In the publication M-L. Järvinen, H. Sipilä: “Wall Effect and Detection Limit of the Proportional Counter Spectrometer”, Advances in X-Ray Analysis, Vol. 27, pp. 539–546, Plenum Publishing Corporation, 1984, for eliminating low-energy background noise there is suggested, among others, a rise time analysis, i.e. the utilization of the known feature of measurement pulses where an ionization that takes place near the anode wire changes the anode potential sharper than an ionization taking place far from the anode wire, near the detector wall. The same publication also suggests that the excitation radiation is pulsed and that measurement signals are accepted only in a certain time window after the excitation pulse. However, practical experiments have shown that because the discrimination between an acceptable and a non-acceptable pulse must be carried out during such a stretch of the rise time or arrival time distribution where the derivative of the distribution is high (i.e. where the changing of the measured feature as a function of the number of the measurement pulses is strong), the results obtained from these methods are sensitive to occasional alterations. The conclusion in the above mentioned publication is that in order to reduce low-energy background noise, it is important to choose the right filling gas.
The object of the present invention is to set forth a detector and a measurement method where the signal to noise ratio of the measurement is improved by reducing the effect of continuously valued low-energy background noise.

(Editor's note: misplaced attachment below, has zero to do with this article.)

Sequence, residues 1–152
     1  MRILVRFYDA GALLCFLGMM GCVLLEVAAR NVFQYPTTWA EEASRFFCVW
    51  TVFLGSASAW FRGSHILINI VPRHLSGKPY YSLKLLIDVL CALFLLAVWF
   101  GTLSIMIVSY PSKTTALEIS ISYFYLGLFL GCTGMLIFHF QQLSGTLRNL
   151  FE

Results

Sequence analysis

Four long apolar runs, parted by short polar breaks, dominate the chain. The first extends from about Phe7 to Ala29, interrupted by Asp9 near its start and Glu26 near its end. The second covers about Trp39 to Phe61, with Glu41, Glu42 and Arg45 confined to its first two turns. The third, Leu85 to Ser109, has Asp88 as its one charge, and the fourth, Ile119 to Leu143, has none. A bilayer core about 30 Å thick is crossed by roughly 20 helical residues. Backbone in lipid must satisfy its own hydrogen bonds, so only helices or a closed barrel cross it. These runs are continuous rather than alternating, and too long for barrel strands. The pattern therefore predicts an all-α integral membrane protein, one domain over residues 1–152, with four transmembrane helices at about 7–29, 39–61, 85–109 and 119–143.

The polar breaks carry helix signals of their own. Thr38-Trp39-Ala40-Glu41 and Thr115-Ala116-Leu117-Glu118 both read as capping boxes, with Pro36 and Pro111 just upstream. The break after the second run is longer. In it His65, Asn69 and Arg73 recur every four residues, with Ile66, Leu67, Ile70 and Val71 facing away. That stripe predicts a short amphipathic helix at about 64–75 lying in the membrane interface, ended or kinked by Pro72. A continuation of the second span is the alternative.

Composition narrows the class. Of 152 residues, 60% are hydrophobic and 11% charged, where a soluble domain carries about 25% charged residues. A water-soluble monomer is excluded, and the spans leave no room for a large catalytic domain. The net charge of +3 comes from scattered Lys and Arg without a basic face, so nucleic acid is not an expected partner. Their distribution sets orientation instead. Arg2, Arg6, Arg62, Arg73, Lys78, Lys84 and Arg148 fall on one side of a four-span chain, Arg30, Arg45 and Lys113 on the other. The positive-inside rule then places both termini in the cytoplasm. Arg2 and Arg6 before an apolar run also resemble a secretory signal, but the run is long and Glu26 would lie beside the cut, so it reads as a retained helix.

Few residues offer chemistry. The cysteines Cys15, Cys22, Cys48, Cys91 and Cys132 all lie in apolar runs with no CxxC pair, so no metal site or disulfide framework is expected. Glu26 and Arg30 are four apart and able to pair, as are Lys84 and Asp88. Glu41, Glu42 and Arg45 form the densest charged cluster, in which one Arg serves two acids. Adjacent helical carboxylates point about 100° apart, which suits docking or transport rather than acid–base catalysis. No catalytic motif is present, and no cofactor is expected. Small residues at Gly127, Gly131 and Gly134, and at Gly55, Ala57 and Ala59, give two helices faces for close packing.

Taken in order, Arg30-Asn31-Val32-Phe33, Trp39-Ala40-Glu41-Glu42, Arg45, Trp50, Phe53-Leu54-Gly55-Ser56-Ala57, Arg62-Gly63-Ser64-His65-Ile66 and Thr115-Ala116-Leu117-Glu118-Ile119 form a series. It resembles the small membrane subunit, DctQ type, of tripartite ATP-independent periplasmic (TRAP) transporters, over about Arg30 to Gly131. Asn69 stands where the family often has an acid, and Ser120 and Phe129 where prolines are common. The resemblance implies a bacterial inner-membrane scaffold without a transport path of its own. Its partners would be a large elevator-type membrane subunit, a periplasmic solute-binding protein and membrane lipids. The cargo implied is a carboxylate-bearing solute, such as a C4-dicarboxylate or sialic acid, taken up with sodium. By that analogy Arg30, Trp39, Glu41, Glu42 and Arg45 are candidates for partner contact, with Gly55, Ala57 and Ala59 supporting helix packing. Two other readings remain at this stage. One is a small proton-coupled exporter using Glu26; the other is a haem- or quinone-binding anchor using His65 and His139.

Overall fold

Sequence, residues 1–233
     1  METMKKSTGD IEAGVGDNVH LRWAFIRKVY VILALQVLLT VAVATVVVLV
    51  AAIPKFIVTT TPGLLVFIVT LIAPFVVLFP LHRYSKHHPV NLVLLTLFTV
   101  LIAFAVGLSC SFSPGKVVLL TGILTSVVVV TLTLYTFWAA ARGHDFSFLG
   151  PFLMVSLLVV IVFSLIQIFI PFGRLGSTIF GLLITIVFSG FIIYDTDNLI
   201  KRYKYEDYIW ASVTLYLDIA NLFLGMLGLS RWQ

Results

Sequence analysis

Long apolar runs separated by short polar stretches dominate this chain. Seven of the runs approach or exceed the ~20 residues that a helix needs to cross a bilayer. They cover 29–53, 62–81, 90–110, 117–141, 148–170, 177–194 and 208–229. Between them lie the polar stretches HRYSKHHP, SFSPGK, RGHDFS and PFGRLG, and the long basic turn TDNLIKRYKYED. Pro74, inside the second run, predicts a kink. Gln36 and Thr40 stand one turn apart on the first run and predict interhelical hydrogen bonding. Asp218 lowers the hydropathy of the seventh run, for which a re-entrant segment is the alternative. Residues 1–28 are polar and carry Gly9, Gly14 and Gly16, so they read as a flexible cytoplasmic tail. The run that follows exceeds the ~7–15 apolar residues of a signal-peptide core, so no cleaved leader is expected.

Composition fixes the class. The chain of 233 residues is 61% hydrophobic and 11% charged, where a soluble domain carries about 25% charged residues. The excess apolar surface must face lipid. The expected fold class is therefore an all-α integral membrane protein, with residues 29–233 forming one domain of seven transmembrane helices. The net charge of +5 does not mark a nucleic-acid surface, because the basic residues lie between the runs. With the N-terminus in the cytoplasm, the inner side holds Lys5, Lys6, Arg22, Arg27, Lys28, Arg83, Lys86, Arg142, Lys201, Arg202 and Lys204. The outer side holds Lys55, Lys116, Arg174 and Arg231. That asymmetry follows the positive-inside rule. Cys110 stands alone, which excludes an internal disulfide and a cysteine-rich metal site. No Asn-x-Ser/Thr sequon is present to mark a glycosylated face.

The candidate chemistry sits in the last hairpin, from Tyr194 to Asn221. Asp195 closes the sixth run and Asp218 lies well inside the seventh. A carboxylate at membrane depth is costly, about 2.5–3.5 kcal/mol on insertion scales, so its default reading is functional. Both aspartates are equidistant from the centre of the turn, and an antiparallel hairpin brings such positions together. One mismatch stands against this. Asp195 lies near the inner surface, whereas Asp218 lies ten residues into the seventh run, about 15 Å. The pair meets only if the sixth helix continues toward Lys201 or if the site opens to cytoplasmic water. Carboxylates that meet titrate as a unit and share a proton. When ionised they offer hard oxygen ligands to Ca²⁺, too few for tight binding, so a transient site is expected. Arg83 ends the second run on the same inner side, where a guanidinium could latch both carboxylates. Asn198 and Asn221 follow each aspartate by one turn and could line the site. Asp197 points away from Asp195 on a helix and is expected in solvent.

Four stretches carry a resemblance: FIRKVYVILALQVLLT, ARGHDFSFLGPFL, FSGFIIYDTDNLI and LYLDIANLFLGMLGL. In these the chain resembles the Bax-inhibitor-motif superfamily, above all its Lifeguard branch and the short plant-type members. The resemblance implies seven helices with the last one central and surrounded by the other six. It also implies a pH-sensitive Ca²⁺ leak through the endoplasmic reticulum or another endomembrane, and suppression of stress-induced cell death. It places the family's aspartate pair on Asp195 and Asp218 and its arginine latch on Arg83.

The objects of the invention are achieved by building in the detector two detector spaces that are suitably located with respect to each other, the first of which generates the measurement pulses proper, and by ignoring such measurement pulses that occur simultaneously with a coincidence pulse obtained from the second detector space. Another factor towards achieving the objects of the invention is the reduction of the effective distance between the electrodes in those parts of the detector where the electric field would naturally be weaker.
The detector according to the invention is characterized by what is set forth in the characterizing part of the independent claim referring to the detector.
The invention also relates to an arrangement that is characterized by what is set forth in the characterizing part of the independent claim referring to the arrangement.
In addition, the invention relates to a method characterized by what is set forth in the characterizing part of the independent claim referring to the method.
As is well known, an incomplete charge collection is due to the fact that a photon colliding in the detector creates a photoelectron that does not ionize the detector medium with all of its energy, but donates an unknown amount of energy to the detector wall or window. According to the invention, there is produced a yes/no-type indication as to whether the whole detected ionization has taken place in the “feasible” area of the detector or not. In practice this is done by building in the detector two separate detector spaces that generate pulses irrespective of each other, being located so that the second detector space separates the first detector space from those parts of the detector that may cause wall effect. Only such photoelectrons whose whole energy is not absorbed in the first detector space proceed into the second detector space.